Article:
ations and corporations; Provided, however, That this act shall not be construed
to relate to any institution under the management of the State board of control
or its officers or agents.
S ec . 2 . Licensed by board of control.— The State board of control is hereby
empowered to grant a license for one year for the conduct of any maternity hos­
pital that is for the public good and that is conducted by a reputable and respon­
sible person; and it shall be the duty of the board of control to prescribe such
general regulations and rules for the conduct of all such hospitals as shall be
necessary to effect the purposes of this act and all other laws of the State relat­
ing to children as far as the same are applicable and to safeguard the well-being
of all infants born therein, and the health, morality and best interest of the
parties who are inmates thereof. No maternity hospital shall receive a woman
for care therein without first obtaining a license to conduct such hospital from
said board of control. No such license shall be issued unless the premises are
in fit sanitary condition. The license shall state the name of the licensee, des­
ignate the premises in which the business may be carried on, and the number
of women that may be properly treated or cared for therein at any one time.
Such license shall be kept posted in a conspicuous place on the licensed premises.
No_ greater number of women shall be kept at any one time on the premises for
which the license is issued than is authorized by the license and no woman shall
be kept in a building or place not designated in the license. A record of the
license so issued shall be kept by the board of control, which shall forthwith
give notice to the State board of health and to the local board of health of the
city, village, or town in which the licensee resides of the granting of such license
and the conditions thereof. The license shall be valid for one year from the date
of the issuance thereof. The State board of control may, after due notice and
hearing revoke the license in case the person to whom the same is issued violates
any of the provisions of this chapter, or when, in the opinion of said board, such
maternity hospital is maintained without due regard to sanitation and hygiene,
or to health, comfort or well-being of the inmates or infants born to such inmates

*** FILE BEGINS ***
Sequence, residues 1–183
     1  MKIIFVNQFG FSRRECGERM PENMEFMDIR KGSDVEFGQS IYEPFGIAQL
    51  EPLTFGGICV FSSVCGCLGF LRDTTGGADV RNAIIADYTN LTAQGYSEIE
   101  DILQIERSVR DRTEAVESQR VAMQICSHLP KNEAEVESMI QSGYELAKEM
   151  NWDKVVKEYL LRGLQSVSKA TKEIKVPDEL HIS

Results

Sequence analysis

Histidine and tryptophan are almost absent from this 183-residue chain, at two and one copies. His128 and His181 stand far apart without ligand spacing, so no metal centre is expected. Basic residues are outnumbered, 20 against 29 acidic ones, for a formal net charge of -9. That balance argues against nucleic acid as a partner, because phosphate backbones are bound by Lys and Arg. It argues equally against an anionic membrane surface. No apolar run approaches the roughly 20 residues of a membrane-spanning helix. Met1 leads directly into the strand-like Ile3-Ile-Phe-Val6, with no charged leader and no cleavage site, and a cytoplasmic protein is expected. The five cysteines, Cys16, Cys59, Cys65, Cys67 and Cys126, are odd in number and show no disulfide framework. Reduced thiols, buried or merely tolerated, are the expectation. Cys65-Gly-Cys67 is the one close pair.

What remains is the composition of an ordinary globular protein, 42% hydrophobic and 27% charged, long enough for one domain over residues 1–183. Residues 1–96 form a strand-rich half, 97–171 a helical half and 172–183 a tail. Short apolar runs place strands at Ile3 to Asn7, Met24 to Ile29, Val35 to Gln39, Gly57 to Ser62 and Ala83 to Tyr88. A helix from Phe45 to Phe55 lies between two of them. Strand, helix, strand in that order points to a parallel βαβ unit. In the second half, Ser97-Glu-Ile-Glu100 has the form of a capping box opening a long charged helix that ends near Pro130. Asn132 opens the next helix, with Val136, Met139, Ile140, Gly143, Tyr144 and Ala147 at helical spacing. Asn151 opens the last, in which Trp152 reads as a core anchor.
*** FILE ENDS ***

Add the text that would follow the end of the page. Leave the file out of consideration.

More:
or in case of violation of any law of the State in a manner disclosing moral turpi­
tude or unfitness to maintain such hospital or that any such hospital is con­
ducted by a person of ill repute or bad moral character.
Written charges against the licensee shall be served upon him at least three
days before hearing shall be had thereon and a written copy of the findings and
decision of the board upon hearing shall be served upon the licensee in the man­
ner prescribed for the service of -summons in civil actions.
Any licensee feeling himself aggrieved by any decision of the board may
appeal to the district court by filing with the clerk thereof in the county where
his^ hospital is situated within ten days after written notice of such decision, a
written notice of appeal specifying the grounds upon which the appeal was
The appeal may be brought on for hearing in a summary manner by an order
to show cause why the decision of the board should not be confirmed, amended,
or set aside. The written notices and decisions shall be treated as the pleadings
in the case and may be amended in the discretion of the court. The issues shall
be tried anew by the court and findings shall be made upon the issues tried.

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Either party may appeal to the supreme court from the determination of the
district court within five days after notice of filing the decision, in the manner
provided for appeals in civil action.
No revocation of license shall become effective until any appeal made shall
have been determined. In case of revocation of a license, the board shall make
a notation thereof upon its records and give written notice of such revocation to
the licensee, or leaving a copy thereof with a person of suitable age and discretion
living upon the premises. In case of revocation the board of control shall also
notify the State board of health and the local board of health of the city, vil­
lage, or town in which the hospital is situated.
S ec . 3. Disposition of children.— No person, as an inducement to a woman to
go to any maternity hospital during confinement, shall in any way offer to dis­
pose of any child or advertise that he will give children for adoption or hold Him­
self out as being able to dispose of children in any manner.
S ec . 4 . Board of control to prescribe forms.— The State board of control may pre­
scribe forms for the registration and record of persons cared for -in any such
hospital, and the licensee shall be entitled to receive gratuitously from the board
of control a book of forms for such registration and record. Each book shall
contain a printed copy of this chapter. The licensee of a maternity hospital
shall keep a record in the form to be prescribed by said board, wherein shall be
entered the true name of every patient, together with all her places of residence
during the year preceding admission to said hospital, the name and address of
the physician or midwife who attended at each birth taking place at such hos­
pital, or who attended any sick infant therein, and the name and address of the
mother of such child; the name and age of each child who is given out, adopted,
or taken away to or by any person, together with the name and residence of the
person so adopting or taking away such child, and such other information as
will be within the knowledge of the licensee and as the board shall prescribe.
S ec . 5. Physician or midwife to make report.— Every birth occurring in a